“No one points a finger at you when you are out for long official trips abroad and for that matter has your becoming a father been an obstacle in the way of your career?
How my stepping out of the house for work, makes me a less caring mother? Does your going out and working makes you a less father? Have you been judged in the similar fashion? Where’s my freedom to choose Farhan”? Why put a giant full stop for me only”?
A spell of quietude halted her reigning self assertion and Farhan had no choice but to lend his ears to Saira’s dissent.
“It was so easy for him to have slotted me into the category of ‘careless mothers’ and decided my role. Does he think that a twenty four hour children centric regime will turn me into a perfect mother and a good homemaker? And if he believes that the ultimate success of a woman lies in a happy household, ask him to do away with his fallacy”.
“Saira, your aggression is not going to help matters. You know, it can be a task to tackle his apprehensions. I agree it all feeds into the stereotype of what constitutes a ‘working woman’ but he is just worried about the children. They are young and need your attention”, Farhan concluded, hoping to calm her raging emotions but Saira stood firm.
“My aggression is not irrelevant”.
“Tell me Farhan, in that case, would you opt to stay at home?” A grave silence followed.
Ceasing her outburst, Saira asserted one last time, “I wasn’t educated to feel guilty and shun my ambition just to make peace with the forced guilt of leaving my young daughters behind for work. They are equally significant for me but why am I being judged alone? You are their father too and not just a co- inhabitant”.
The argument had ended that night; the remnants of the discord however, gripped her psyche for days to come. The friction continued and Saira kept sailing through the sea of her mounting conflicts.
Away from the turmoil brewing inside her, the approaching reunion with her ex colleagues was an opportunity to unwind. Besides the usual stuff, her friends had one query in common for her and Saira had all the vague answers, trying to cover up her feigned expressions as far as possible.
Mitali, her close pal in her earlier place of work had though, managed to sneak into her pretentious efforts. While on their way back she initiated before Saira could reveal her tussle.
“Saira darling, what is bothering you that you need to fake your smile?” Mitali urged her to open up.
“They think it’s the ‘careless mothers’ who leave their children and go out for work. My decision to resume work has not gone down well, especially with the girls’ grandfather. I was amazed how even Farhan was under pressure and without saying it, expected me to abide by his father’s opinion”.
Mitali had already sensed the pain behind her annoyance.
“Saira, you know prejudices run deep in our social fabric. The problem lies certainly with our conditioning. No matter he belongs to an educated working class but still considers you liable to ensure that the home runs with precision, the children are taken care of and blah blah….and if it doesn’t, you are made to feel guilty. This kind of a judgment is often primarily reserved for a woman. Let’s face it, even if we think we are empowered”.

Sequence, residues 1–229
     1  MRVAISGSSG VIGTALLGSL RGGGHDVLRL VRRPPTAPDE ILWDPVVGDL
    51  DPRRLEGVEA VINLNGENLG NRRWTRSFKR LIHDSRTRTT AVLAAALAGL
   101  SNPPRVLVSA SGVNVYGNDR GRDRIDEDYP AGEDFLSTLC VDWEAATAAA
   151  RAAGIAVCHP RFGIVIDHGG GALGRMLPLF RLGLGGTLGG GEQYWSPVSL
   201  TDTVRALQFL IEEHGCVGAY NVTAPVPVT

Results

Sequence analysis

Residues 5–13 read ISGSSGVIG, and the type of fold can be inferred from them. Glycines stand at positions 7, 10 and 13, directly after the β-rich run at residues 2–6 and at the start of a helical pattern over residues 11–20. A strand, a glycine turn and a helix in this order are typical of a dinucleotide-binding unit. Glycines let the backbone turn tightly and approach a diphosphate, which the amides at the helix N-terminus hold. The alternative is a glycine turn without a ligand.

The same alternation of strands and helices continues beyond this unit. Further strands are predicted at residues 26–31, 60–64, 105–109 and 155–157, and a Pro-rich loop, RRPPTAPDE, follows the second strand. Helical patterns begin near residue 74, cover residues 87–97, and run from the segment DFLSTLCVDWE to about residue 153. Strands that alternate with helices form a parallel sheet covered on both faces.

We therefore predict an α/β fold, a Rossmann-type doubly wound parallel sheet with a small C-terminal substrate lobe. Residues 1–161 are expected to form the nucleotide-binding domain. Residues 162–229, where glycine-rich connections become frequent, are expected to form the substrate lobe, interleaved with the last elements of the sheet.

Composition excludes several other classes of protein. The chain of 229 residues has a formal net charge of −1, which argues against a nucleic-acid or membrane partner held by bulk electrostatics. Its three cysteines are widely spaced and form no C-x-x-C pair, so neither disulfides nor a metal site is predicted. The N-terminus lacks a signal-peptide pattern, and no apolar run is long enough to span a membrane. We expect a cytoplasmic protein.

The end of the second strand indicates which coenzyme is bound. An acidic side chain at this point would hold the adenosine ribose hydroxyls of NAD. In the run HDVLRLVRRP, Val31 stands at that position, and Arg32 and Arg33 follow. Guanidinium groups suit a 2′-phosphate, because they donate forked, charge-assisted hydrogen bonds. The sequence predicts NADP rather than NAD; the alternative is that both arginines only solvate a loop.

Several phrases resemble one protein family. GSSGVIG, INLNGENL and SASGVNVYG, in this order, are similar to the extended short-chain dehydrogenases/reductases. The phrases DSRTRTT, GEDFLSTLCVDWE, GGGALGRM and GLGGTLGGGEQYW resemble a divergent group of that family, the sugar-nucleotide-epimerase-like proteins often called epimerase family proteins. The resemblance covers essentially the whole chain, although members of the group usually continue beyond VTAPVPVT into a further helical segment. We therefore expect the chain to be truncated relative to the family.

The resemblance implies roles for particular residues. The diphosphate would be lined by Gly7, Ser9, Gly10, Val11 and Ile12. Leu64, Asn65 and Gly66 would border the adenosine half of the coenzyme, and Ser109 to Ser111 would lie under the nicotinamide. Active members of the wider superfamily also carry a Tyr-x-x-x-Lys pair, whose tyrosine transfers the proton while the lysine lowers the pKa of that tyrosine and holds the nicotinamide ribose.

“But don’t be let down by this. You are a brave heart I know. Explore your potential and don’t let others decide your priorities. Go tell him what you want from life”.
Mitali’s stimulation had lifted Saira’s spirits but it took a while before she gathered the courage to eventually have a piece of her freewill, defying the whims & fancies of people around her.
It was afternoon. Saira was waiting for the girls to return home from their school. The bell rang and she swiftly moved towards the door only to find a courier boy with an envelope in hand. She signed the receipt quickly, and as she began to read the letter, a radiant smile elevated her cold face.
Saira had been selected as an assistant editor for a leading newspaper, a job that she had aspired for long. She had been interviewed a month ago but it was the one she had least expected to come by. She was elated and didn’t wish to quash the prestigious offer. Saira readily informed Farhan but the formidable task was still ahead of her.
Sitting in her room, Saira’s eyes were fixed on her appointment letter, mustering the courage to face it once for all. It was imperative for the fearless journo in her to confront him without a dash of distress. If not now, when? The inevitable question kept screaming for an answer.
“My choice of a career is just not restricted to my financial independence. It offers me the much deserved growth owing to my education, experience and effort. You may not view my career indulgence as a mandatory option even though you belong to one of the advanced and educated class, it is important for me to resume work. Please don’t question my credibility as a mother with respect to my choices. Career is not an afterthought for me anymore but my children are my priority as well. I am sure they will be fine in my absence too”.
Saira had finally made the effort to re-script her role and in the process reclaimed her freedom to choose, instead of pleading for it.
Editor’s note: This story had been shortlisted for the August 2017 Muse of the Month, but not among the top 5 winners.
Image source: pexels